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Acupressure Helps Treat Traumatic Brain Injury

Health Research
Last Updated Aug 25, 2020

Sustaining a traumatic brain injury (TBI) has serious, long-lasting and debilitating consequences – for the person with the injury and for their loved ones. But a recent study has found the gentle touch of acupressure may alleviate the symptoms of TBI.

Traumatic Brain Injury Impacts Everyone

TBI is caused by a physical force to the head such as a blow from falling or forcing the head to move rapidly back and forth as in whiplash. Motor vehicle accidents, falls, sporting accidents, gunshot wounds and violent shaking all cause TBI. The extent of damage done to the brain varies between each person and consequently the symptoms of TBI vary too but may include:

  • Memory problems
  • Emotional and behavioural problems
  • Sleep disturbance
  • Vision disturbance
  • Difficulty concentrating
  • Difficulty speaking and understanding others
  • Difficulty swallowing
  • Headache and dizziness

Even mild injury can cause long-term disability that interferes with a person's daily functioning and interpersonal relationships.

Gentle Touch Helps Traumatic Brain Injury

A study at the University of Colorado in the US has found acupressure, using bare fingertips, may be effective in treating people with mild TBI.

Researchers at the University's psychology and neuroscience department studied 38 people with mild TBI. The subjects received active stimulation of 26 pressure points similar to those stimulated with needles in standard acupuncture. The specific form of acupressure used is known as Shin Jin.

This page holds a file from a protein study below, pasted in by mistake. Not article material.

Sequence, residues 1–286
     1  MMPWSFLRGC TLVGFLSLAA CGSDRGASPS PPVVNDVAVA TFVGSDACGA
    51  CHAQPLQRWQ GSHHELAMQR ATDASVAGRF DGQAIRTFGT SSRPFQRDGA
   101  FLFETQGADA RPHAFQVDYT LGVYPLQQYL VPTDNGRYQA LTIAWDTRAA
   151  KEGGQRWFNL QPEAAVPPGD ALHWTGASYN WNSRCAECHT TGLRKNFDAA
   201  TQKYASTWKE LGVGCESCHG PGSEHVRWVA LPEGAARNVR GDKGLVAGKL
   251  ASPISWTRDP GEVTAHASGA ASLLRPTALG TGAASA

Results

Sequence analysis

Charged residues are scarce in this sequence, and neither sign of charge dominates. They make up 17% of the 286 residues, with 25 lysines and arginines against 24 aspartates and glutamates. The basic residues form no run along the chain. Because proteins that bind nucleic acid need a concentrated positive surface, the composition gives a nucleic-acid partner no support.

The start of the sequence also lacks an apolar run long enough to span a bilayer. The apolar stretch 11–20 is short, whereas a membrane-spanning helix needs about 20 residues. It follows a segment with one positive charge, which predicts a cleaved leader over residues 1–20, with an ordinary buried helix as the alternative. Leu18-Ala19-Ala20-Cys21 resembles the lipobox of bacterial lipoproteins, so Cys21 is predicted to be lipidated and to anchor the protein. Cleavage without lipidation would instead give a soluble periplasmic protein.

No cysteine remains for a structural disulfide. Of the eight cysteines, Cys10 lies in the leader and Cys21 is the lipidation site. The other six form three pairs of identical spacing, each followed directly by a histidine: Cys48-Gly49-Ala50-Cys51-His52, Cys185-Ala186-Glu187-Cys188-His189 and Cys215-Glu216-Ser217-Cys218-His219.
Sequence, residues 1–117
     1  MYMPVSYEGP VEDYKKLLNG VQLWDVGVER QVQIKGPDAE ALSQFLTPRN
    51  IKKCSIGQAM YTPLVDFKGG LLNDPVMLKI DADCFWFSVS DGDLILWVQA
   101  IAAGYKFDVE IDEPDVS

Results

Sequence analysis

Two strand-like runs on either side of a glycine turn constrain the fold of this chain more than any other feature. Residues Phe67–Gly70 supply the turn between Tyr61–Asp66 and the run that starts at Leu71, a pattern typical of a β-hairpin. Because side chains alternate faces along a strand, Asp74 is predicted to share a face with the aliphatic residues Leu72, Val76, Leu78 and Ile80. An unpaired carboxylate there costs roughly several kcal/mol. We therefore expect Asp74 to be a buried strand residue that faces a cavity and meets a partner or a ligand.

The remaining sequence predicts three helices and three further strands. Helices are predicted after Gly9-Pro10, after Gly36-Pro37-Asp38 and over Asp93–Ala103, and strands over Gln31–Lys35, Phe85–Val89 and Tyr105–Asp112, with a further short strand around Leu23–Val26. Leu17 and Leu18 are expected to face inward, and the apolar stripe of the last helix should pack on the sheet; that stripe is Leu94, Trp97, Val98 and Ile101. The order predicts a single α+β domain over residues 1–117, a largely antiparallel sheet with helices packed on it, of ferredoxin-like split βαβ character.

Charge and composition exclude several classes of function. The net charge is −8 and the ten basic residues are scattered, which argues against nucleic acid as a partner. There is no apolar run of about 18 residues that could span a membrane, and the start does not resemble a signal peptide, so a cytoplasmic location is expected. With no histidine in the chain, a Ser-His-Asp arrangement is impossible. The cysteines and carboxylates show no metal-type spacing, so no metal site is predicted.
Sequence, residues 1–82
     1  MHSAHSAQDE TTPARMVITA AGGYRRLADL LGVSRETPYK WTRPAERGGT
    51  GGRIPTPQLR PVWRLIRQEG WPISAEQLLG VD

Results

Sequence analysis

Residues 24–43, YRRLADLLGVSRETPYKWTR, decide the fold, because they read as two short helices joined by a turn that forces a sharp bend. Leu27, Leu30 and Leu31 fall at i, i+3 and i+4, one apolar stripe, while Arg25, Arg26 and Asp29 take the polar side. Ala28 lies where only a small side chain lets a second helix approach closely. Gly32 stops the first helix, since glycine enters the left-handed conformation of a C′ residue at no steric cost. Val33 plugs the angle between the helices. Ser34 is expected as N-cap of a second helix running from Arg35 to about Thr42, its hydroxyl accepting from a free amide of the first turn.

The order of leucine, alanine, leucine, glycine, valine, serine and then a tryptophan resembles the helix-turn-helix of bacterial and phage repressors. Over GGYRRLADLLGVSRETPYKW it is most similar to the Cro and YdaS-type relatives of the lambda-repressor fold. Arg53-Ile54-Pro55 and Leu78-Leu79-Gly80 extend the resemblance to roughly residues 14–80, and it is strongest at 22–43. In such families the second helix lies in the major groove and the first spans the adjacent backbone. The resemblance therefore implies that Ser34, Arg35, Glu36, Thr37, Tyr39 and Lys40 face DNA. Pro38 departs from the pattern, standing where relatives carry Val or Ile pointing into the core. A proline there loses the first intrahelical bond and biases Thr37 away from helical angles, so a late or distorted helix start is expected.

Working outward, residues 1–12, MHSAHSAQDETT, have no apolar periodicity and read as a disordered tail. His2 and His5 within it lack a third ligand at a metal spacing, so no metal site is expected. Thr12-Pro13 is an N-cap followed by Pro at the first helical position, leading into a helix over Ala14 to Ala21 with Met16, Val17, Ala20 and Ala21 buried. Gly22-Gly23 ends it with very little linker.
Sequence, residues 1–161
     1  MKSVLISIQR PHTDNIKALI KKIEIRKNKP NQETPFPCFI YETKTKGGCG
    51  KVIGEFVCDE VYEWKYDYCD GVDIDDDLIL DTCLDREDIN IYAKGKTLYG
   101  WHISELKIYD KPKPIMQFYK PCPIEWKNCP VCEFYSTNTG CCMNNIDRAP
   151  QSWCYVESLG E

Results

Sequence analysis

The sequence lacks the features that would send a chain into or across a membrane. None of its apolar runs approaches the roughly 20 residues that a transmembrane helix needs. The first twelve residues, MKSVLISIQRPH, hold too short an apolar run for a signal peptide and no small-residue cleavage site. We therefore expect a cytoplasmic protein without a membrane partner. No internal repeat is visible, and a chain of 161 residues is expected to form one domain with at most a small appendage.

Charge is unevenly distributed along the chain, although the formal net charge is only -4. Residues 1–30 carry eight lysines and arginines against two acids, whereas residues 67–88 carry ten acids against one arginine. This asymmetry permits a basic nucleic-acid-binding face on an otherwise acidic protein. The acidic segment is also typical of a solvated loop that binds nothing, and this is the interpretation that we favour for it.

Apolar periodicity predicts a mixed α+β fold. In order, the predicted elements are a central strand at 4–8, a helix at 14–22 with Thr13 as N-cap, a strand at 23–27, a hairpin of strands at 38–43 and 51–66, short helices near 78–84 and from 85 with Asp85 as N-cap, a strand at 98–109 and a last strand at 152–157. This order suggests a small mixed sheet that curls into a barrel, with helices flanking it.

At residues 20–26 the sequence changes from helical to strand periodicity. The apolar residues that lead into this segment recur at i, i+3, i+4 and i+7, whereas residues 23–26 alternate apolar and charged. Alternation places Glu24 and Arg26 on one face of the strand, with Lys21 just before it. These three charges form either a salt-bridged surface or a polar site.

Some of the group received active acupressure treatments from trained experts and some received treatments from the same experts on parts of the body not considered to be related to acupressure points. The subjects then undertook a standard battery of neuropsychological tests. The results showed that those who received the active treatment had improved memory function and responded to stimuli more rapidly. Speaking to ScienceDaily, Professor Theresa Hernandez, lead author of the study, said the data "suggest the brains of those in the active acupressure group responded differently when compared to those in the placebo acupressure group."

Acupressure Gives Hope to Traumatic Brain Injury

A paper on the subject was published in the January issue of the Journal of Neurotrauma and is believed to be one of the first placebo-controlled studies published in a peer-reviewed medical journal showing the benefit of acupressure to treat patients with TBI.

The Jin Shin acupressure treatment can be taught to family and friends of those with TBI and can even be used as a self-treatment, which could allow for more independence.

Originally published on Mar 21, 2011

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